Despite the station’s beauty, Klimasz explained, it was closed and boarded up in 1945. Its curved platform did not allow for the IRT’s new extended subway trains. Additionally, the line’s original gate cars had steps that cantilevered over the platform. The new side door trains would have put passengers in danger as they stepped over the gap to the curved platform. Near its end, the station only served around 600 passengers, as most subway-goers preferred the nearby Brooklyn Bridge Station.

AIANY Executive Director Rick Bell, FAIA, standing in the glistening domed mezzanine at the center of the platform, formerly the fare control area, asked Klimasz about the possibility of opening the site to the public. According to Klimasz, the city made plans in 1995 to restore the site and turn it into part of the New York Transit Museum. Other ideas floated around included sound-proofing the station and turning it into a restaurant or café. With the tragedy of 9/11 and increasing security concerns, however, the plans were scrapped, as the station sits directly under the front steps of City Hall. While it may be inaccessible today, but you can still head over to MCNY and snap a selfie in front of a monumental image of the station.

When Klimasz initially asked Bell and AIANY President Lance Jay Brown, FAIA whether they wanted “the nickel or the dime tour,” they didn’t expect our experienced MTA guide to also lead us through the labyrinthine passages hiding behind Brooklyn Bridge Station’s unassuming white doors. After watching (and hearing) a number of #6 trains speed past us as we explored the City Hall Station platform, Klimasz took our intrepid group to the depths of the station, showing us the remains of a pre-1840 fort beneath the Brooklyn Bridge’s support ramps. One of the great stone arched vaults was once a cellar for the Pol Roger Champagne Company. Unfortunately, today these vaults mainly house maintenance materials, the brand’s lion-flanked logo faded and hidden in the dark.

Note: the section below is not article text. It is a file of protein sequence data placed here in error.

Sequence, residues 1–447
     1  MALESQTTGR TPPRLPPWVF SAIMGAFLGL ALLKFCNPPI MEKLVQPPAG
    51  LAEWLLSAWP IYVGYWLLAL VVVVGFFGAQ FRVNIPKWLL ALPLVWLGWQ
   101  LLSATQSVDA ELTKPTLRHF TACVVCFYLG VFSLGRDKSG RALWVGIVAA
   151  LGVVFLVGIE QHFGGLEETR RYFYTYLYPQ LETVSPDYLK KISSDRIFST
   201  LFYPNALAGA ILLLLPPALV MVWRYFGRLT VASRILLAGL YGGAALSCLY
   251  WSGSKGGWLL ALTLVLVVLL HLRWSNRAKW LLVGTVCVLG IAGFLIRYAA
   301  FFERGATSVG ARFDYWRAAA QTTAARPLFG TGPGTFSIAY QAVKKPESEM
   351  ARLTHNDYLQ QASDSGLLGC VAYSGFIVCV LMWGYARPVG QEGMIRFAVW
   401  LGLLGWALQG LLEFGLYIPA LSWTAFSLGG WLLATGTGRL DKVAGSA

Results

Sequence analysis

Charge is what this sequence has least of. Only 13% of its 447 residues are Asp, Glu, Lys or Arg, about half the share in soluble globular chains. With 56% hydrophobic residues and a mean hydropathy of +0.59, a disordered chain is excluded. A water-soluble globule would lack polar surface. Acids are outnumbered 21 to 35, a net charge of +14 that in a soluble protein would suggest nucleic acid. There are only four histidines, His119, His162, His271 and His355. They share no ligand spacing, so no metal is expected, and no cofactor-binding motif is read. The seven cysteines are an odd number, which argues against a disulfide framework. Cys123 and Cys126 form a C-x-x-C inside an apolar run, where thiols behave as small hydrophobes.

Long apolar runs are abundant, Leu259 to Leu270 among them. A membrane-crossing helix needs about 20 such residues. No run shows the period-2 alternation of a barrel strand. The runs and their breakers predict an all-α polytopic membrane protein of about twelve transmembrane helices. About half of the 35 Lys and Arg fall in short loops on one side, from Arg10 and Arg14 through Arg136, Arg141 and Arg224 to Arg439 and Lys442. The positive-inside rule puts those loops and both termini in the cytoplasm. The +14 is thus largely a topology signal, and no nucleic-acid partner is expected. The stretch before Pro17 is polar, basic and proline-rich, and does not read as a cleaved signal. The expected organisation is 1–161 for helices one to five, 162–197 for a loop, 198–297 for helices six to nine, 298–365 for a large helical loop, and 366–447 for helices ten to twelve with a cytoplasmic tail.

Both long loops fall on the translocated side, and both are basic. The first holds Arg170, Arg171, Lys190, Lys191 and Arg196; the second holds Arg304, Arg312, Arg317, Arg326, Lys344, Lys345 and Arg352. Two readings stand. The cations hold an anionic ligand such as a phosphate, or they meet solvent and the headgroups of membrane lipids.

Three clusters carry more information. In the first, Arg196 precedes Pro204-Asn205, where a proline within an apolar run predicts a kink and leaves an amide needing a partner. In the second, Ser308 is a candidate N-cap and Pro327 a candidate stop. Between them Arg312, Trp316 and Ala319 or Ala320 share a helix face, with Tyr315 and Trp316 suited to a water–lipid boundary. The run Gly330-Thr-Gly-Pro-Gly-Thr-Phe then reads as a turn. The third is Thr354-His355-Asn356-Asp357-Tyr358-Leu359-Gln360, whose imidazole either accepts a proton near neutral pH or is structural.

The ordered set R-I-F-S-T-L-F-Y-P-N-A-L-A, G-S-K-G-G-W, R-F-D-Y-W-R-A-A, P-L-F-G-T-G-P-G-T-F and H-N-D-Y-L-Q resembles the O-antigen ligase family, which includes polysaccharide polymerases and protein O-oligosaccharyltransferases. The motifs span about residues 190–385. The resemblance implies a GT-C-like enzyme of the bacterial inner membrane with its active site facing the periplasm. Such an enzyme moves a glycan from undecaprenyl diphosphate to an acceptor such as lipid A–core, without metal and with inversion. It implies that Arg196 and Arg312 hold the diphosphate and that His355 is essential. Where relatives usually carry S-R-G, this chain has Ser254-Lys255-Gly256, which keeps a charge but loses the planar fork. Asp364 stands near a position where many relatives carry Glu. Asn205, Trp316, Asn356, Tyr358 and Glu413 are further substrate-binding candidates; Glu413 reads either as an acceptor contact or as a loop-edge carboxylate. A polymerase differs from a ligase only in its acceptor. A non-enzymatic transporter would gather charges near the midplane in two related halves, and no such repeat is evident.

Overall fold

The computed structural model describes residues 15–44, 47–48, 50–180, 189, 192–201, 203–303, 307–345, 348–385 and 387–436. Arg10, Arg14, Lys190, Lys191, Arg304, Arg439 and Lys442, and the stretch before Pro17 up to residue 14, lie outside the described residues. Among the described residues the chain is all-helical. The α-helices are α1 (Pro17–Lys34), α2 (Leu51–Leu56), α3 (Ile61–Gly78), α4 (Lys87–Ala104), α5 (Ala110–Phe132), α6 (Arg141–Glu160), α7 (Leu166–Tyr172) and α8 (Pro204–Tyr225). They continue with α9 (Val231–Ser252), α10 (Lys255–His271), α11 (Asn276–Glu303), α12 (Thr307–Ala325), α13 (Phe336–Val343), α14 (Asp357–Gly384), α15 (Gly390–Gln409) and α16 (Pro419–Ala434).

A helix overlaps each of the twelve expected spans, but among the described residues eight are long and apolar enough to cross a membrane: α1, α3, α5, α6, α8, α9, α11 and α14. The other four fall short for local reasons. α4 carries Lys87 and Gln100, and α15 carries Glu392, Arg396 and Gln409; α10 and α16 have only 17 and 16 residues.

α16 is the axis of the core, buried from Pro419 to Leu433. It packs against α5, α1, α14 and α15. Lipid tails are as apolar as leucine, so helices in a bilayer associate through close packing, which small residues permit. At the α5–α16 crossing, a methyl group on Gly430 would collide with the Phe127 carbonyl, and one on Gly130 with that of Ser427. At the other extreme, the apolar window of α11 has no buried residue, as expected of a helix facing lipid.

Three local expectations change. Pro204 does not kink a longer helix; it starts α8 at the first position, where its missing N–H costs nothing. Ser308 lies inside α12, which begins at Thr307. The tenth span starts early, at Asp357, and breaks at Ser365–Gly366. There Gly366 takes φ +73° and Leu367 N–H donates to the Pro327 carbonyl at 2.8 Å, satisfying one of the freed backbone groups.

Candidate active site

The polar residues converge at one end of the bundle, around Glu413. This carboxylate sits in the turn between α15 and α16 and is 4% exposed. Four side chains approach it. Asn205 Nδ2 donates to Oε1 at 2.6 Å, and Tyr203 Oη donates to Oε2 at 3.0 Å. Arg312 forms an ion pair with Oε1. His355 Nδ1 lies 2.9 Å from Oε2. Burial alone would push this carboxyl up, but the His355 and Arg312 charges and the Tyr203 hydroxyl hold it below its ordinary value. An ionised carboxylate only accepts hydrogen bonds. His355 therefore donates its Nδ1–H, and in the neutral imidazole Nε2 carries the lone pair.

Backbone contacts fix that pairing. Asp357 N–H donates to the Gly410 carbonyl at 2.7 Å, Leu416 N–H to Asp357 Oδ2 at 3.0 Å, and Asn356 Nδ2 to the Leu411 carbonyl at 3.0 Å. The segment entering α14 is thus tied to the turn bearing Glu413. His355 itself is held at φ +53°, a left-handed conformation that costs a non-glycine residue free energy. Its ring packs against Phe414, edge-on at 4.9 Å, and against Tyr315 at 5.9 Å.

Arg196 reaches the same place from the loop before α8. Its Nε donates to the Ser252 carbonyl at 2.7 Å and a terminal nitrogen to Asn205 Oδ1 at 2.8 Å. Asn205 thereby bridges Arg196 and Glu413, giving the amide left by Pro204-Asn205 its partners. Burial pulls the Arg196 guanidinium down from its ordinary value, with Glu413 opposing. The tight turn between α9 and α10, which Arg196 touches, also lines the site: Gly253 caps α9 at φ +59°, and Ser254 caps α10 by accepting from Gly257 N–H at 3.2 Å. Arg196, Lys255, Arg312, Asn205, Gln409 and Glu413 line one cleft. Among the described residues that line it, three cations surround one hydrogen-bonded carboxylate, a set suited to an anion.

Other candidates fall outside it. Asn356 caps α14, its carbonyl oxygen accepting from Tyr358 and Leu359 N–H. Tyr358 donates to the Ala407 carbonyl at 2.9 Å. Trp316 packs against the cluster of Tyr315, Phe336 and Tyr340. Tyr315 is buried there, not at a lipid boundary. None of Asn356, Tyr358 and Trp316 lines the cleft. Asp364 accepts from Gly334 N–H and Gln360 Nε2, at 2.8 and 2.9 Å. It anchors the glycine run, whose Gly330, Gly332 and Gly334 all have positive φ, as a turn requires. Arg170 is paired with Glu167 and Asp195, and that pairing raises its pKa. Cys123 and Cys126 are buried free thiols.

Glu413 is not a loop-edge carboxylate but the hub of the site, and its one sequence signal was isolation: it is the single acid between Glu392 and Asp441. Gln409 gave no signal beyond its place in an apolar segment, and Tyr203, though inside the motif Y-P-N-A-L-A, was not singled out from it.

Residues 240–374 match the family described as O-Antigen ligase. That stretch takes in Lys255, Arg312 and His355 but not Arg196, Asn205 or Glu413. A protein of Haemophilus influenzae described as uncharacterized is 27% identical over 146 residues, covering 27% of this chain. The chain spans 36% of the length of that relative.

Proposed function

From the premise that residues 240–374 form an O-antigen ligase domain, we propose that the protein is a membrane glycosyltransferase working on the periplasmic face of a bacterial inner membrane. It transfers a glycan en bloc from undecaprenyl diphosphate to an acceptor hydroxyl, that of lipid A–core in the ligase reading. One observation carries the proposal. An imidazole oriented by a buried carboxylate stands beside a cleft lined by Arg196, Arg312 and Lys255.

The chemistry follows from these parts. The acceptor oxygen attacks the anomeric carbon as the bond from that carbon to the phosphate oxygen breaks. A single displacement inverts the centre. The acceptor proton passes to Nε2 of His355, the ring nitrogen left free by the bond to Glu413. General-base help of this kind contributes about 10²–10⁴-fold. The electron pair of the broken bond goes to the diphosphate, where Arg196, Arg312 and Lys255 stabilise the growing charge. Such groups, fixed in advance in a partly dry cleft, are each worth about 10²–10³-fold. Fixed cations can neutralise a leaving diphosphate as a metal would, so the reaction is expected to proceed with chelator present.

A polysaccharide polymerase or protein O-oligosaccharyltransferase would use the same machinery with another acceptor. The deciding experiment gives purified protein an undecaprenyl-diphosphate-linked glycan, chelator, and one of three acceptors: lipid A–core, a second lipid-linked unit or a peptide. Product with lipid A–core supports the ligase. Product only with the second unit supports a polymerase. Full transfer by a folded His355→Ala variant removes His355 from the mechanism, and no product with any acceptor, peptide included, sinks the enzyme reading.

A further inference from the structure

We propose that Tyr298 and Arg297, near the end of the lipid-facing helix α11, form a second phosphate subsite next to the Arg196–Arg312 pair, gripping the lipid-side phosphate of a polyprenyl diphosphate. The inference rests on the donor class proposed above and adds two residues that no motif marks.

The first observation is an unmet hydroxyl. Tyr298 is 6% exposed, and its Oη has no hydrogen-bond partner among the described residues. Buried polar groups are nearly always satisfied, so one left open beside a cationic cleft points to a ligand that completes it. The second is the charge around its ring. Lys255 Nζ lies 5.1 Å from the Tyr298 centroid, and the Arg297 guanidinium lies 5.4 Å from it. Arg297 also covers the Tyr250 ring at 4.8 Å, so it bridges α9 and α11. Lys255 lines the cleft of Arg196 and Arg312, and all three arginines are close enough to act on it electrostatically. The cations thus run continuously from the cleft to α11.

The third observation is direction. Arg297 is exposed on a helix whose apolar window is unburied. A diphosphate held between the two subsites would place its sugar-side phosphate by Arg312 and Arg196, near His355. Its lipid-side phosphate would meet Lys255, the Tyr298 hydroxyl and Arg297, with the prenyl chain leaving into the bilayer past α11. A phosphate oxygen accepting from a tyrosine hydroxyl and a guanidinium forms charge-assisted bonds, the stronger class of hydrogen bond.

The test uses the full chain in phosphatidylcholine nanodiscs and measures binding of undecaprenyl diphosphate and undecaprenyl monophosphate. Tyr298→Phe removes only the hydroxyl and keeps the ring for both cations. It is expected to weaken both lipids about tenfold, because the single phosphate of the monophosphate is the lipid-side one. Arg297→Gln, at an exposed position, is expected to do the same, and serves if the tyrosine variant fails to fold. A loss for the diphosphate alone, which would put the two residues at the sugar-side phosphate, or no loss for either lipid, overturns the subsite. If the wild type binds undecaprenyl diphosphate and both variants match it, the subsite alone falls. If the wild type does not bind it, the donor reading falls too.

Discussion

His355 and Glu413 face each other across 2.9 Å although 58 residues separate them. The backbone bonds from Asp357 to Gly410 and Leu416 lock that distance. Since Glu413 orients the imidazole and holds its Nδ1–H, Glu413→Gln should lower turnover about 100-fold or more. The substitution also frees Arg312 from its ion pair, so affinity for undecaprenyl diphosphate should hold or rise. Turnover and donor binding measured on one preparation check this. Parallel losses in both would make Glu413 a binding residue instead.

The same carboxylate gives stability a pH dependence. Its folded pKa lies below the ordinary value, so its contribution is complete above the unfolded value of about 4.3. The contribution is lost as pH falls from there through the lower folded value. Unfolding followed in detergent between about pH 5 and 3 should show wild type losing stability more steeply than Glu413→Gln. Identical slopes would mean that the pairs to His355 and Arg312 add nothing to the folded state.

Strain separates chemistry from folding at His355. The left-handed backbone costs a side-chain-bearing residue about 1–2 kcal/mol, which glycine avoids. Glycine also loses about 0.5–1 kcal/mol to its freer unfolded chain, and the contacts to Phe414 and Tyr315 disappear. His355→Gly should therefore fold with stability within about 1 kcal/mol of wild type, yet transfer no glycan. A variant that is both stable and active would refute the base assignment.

In an era where we value the subway system’s speed and efficiency, beauty has become a secondary concern. Inspired by AIANY’s 2014 presidential theme “Civic Spirit: Civic Vision” and the City Hall subway station, we are reminded of the importance of creating public spaces that are both functional and beautiful. It may be time that we stop asking ourselves, “Why don’t we have spaces like this anymore?” and start asking how we can have such spaces again.

The tour group included: New York’s local AIA presidents, Lance Jay Brown, FAIA, AIA New York Chapter; Ida Galea, AIA, AIA Brooklyn; William Zambrano, AIA, AIA Brooklyn; and Jeff Geary, AIA, AIA Staten Island, joined by AIANY leaders including AIANY Executive Director Rick Bell, FAIA; AIANY 2014 President-Elect Tomas Rossant, AIA; AIANY Historic Buildings Committee co-chairs Caterina Roiatti, AIA, NCARB and John S. Arbuckle, Assoc. AIA; AIANY Transportation and Infrastructure Committee co-chairs Jeffrey Dugan, AIA, and Robert Eisenstat, AIA. Also in attendance were Andrew Pennington of Porcelanosa USA, Julie Trebault of the Museum of the City of New York, Clemence Mailly, a museology student from Montreal, and Ricardo Vasta.